Equipment can make or break your snowboarding experience. A properly sized snowboard links seamless turns, maintains speed on the groomers and floats effortlessly through the powder snow. But, an ill-fitting ride can leave you out of control or stuck on the flats. Before purchasing your first board, arm yourself with technical sizing information that includes the proper length range for both your size and your riding preferences. Then saunter confidently into the store and pick your ideal board.
Determine Your Riding Style
Analyze your preferred snowboarding conditions. Do you favor groomers over powder snow or sunny days over stormy conditions?
Examine your terrain selection tendencies. Freeriders, or all-mountain riders, use the whole mountain as their playground. Freestyle riders prefer the halfpipe and terrain park.
Evaluate your current ability level and progression. Remember, as your skill set improves, your board needs be long enough to accommodate advancement.
Select an Appropriate Length
Measure and weigh yourself before visiting your local retailer. Use an online snowboard sizing chart to determine a proper length range.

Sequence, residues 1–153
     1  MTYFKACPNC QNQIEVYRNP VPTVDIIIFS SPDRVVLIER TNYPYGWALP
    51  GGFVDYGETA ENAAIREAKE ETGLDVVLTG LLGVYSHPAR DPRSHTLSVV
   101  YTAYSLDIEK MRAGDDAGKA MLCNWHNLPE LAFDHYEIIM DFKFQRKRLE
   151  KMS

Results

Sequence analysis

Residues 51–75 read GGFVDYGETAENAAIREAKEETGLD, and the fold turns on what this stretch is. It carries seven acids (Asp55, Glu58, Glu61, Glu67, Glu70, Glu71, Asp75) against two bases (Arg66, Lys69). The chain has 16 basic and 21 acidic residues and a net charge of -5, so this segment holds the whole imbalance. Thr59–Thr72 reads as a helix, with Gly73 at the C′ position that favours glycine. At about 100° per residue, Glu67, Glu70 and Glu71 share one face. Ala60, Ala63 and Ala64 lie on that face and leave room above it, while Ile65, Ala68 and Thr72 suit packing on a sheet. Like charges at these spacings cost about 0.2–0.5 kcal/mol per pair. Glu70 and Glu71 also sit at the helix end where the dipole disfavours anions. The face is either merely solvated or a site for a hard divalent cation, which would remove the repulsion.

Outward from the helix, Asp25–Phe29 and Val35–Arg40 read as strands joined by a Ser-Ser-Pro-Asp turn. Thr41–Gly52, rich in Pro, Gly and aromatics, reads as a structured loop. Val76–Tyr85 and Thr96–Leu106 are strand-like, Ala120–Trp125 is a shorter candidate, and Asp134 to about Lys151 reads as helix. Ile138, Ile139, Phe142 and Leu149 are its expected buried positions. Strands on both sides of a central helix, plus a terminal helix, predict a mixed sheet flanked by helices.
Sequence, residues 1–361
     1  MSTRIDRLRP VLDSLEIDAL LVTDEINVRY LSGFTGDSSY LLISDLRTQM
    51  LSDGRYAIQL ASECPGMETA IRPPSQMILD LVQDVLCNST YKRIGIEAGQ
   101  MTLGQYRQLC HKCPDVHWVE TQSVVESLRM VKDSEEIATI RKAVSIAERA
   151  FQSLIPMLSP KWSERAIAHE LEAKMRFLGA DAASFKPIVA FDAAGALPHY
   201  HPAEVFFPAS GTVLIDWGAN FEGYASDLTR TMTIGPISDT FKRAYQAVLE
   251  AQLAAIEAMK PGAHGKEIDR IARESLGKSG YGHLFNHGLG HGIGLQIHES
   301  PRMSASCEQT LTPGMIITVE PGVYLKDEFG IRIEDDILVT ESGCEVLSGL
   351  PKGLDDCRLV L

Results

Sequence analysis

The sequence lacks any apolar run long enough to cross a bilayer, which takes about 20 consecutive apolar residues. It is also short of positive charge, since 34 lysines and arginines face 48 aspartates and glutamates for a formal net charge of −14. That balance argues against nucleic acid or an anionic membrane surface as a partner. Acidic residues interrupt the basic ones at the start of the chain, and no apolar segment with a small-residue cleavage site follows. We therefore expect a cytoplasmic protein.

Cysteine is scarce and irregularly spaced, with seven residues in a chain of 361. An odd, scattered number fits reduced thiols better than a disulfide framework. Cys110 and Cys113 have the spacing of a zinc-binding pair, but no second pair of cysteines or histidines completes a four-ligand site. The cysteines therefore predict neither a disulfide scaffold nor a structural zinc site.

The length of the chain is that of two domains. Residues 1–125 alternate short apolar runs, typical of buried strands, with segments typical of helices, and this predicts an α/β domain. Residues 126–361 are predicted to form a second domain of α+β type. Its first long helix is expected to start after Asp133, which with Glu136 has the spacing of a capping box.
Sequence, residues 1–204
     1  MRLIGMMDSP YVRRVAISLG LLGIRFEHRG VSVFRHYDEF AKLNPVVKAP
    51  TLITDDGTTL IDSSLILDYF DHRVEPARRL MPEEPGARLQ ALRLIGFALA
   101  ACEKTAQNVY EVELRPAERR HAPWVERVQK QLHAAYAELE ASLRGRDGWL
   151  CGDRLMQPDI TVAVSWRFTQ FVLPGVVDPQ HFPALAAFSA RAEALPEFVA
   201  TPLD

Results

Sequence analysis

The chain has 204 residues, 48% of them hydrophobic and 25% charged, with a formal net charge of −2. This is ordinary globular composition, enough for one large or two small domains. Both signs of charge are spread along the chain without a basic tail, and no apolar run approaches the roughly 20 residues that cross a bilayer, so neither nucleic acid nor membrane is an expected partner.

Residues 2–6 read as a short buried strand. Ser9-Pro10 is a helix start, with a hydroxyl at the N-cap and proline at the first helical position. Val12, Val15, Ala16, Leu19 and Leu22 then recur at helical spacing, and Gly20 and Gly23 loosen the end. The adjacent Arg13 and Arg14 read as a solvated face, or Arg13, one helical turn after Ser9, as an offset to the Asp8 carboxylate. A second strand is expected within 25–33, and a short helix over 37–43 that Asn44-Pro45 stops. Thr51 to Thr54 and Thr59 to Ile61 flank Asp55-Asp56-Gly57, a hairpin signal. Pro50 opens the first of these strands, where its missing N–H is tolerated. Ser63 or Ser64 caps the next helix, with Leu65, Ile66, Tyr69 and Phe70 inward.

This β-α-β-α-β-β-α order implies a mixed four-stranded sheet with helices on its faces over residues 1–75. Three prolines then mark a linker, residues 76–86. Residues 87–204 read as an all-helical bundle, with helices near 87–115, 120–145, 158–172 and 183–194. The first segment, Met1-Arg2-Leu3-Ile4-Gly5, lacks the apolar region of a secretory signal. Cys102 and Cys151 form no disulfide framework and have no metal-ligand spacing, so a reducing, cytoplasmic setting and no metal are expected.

Choose a board in the 145 to 150 centimeter range if you are around 5 feet tall. For those 5 feet to 5 feet 7 inches tall, select a board in the 150 to 156 centimeter range. For women over 5 feet 7 inches, opt for a board between 156 to 159 centimeters.
Stand the board on its tail and note where it hits on your body. If you are a freerider, make sure it's level with your eyebrows. Freestyle riders should select a board level with their lips.
Err on the shorter side for an easy turning beginner board. If you're more experienced, push the length limit for floatation in the powder and stability at speed.
- If you have an average size foot, select a women's-specific board with a narrower waist. A narrow-waisted board assures quick turn initiation and a lively ride.
- Flex each snowboard by holding onto the tip and pressing down between the binding inserts. Choose a board with a medium flex. Stiff boards can be hard to turn and soft boards will wash out at speed.
- Arm yourself with knowledge before you head for the shop and don't always trust the salesperson. Once you ride the board you can't return it.
Christina Shepherd McGuire writes articles about adventure sports, fashion, mothering and natural living. Since 2003, her work has appeared in "Action Outdoor and Bike Magazine," "Teton Family Magazine," "The Jackson Hole Snowboarder Magazine" and several online publications. McGuire holds a Bachelor of Arts in English literature.